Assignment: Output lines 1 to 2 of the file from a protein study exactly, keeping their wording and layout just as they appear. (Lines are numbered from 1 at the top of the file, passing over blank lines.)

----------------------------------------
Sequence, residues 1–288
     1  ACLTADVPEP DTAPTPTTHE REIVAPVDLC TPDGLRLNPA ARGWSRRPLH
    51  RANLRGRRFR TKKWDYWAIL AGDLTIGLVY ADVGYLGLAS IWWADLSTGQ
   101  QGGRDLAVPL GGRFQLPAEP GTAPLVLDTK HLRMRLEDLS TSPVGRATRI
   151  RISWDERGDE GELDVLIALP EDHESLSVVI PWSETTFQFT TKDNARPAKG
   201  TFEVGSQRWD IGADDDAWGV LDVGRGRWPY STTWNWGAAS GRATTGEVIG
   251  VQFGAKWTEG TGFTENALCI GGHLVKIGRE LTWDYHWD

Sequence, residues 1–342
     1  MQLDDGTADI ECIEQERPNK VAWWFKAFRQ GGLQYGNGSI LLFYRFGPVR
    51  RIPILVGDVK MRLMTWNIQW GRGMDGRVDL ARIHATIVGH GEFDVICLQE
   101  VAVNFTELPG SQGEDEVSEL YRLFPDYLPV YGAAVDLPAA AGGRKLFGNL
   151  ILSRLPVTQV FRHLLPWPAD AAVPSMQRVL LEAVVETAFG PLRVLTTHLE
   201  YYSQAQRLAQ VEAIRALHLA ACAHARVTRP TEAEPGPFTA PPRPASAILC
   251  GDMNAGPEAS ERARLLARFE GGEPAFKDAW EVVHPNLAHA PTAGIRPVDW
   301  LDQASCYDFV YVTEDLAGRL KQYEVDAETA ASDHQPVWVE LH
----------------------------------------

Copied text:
Sequence, residues 1–288
     1  ACLTADVPEP DTAPTPTTHE REIVAPVDLC TPDGLRLNPA ARGWSRRPLH